The following quotations are taken from:
Benedict de Spinoza, A Political Treatise, pp. 291-298. Tran. R. H. M. Elwes. Dover 1951.
“Any natural thing whatever can be just as well conceived, whether it exists or does not exist. As then the beginning of the existence of natural things cannot be inferred from their definition, so neither can their continuing to exist. For their ideal essence is the same, after they have begun to exist, as it was before they existed. As then their beginning to exist cannot be inferred from their essence, so neither can their continuing to exist; but they need the same power to enable them to go on existing, as to enable them to begin to exist. From which it follows, that the power, by which natural things exist, and therefore that by which they operate, can be no other than the eternal power of God itself.” 291
“From this fact therefore, that is, that the power whereby natural things exist and operate is the very power of God itself, we easily understand what natural right is. For as God has a right to everything, and God’s right is nothing else, but his very power, as far as the latter is considered to b absolutely free; it follows from this, that every natural thing has by nature as much right, as it has power to exist and operate…” 291-292
“But most people believe, that the ignorant rather disturb than follow the course of nature, and conceive of mankind in nature as of one dominion within another. For they maintain, that the human mind is produced by no natural causes, but created directly by God, and is so independent of other things, that it has an absolute power to determine itself, and make a right use of reason. Experience, however, teaches us but too well, that it is no more in our power to have a sound mind, than a sound body…. everything whatever, as far as in it lies, strives to preserve its own existence…” 292
“For the bounds of nature are not the laws of human reason, which do but pursue the true interest and preservation of mankind, but other infinite laws, which regard the ternal order of universal nature, whereof man is an atom; and according to the necessity of this order only are all individual beings determined in a fixed manner to exist and operate. Whenever, then, anything in nature seems to us ridiculous, absurd, or evil, it is because we have but a partial knowledge of things, and are in the main ignorant of the order and coherence of nature as a whole, and because we want everything to be arranged according to the dictate of our own reason; although, in fact, what our reason pronounces bad, is not bad as regards the order and laws of universal nature, but only as regards the laws of our own nature taken separately.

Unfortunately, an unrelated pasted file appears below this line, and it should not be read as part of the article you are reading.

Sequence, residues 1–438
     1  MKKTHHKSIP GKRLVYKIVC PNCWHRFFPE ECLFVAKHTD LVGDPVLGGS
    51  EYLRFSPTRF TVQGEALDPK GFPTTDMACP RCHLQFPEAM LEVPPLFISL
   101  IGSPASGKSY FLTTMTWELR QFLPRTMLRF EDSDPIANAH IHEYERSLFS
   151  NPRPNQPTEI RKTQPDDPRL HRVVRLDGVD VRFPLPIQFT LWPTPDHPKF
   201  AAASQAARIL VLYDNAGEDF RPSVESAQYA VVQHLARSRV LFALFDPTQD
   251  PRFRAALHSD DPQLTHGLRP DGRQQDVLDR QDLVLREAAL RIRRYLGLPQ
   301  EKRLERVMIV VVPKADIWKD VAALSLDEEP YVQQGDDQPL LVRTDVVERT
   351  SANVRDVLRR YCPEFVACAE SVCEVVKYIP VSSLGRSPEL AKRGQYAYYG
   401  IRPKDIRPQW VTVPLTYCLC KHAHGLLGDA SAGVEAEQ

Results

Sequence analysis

… Besides, it follows that everyone is so far rightfully dependent on another, as he is able to repel all violence, and avenge to his heart’s content all damage done to him, and in general to live after his own mind.
… He has another under his authority, who holds him bound, or has taken from him arms and means of defence or escape, or inspired him with fear, or so attached him to himself by past favour, that the man obliged would rather please his benefactor than himself, and live after his mind than after his own. He that has another under authority in the first or second of these ways, holds but his body, not his mind. But in the third or fourth way he has made dependent on himself as well the mind as the body of the other; yet only as long as the fear or hope lasts, for upon the removal of the feeling the other is left independent.
… The judgment can be dependent on another, only as far as that other can deceive the mind; whence it follows that the mind is so far independent, as it uses reason aright. Nay, inasmuch as human power is to be reckoned less by physical vigour than by mental strength, it follows that those men are most independent whose reason is strongest, and who are most guided thereby. And so I am altogether for calling a man so far free, as he is led by reason; because so far he is determined to action by such causes, as can be adequately understood by his unassisted nature, although by these causes he be necessarily determined to action.” 294-295
“If two come together and unite their strength, they have jointly more power, and consequently more right over nature than both of them both of them separately, and the more there are that have so joined in alliance, the more right they all collectively will possess.” 296
“And it is certain that the greater cause of fear every individual has , the less power, he added, that without mutual help men can hardly support life and cultivate the mind. And so our conclusion is, that that natural right, which is special to the human race, can hardly be conceived, except where men have general rights, and combine to defend the possession of the lands they inhabit and cultivate, to protect themselves, to repel all violence, and to live according to the general judgment of all. For… the more there are that combine together, the more right they collectively possess. And if this is why the schoolmen want to call man a sociable animal—I mean because men in the state of nature can hardly be independent—I have nothing to say against them.” 296-297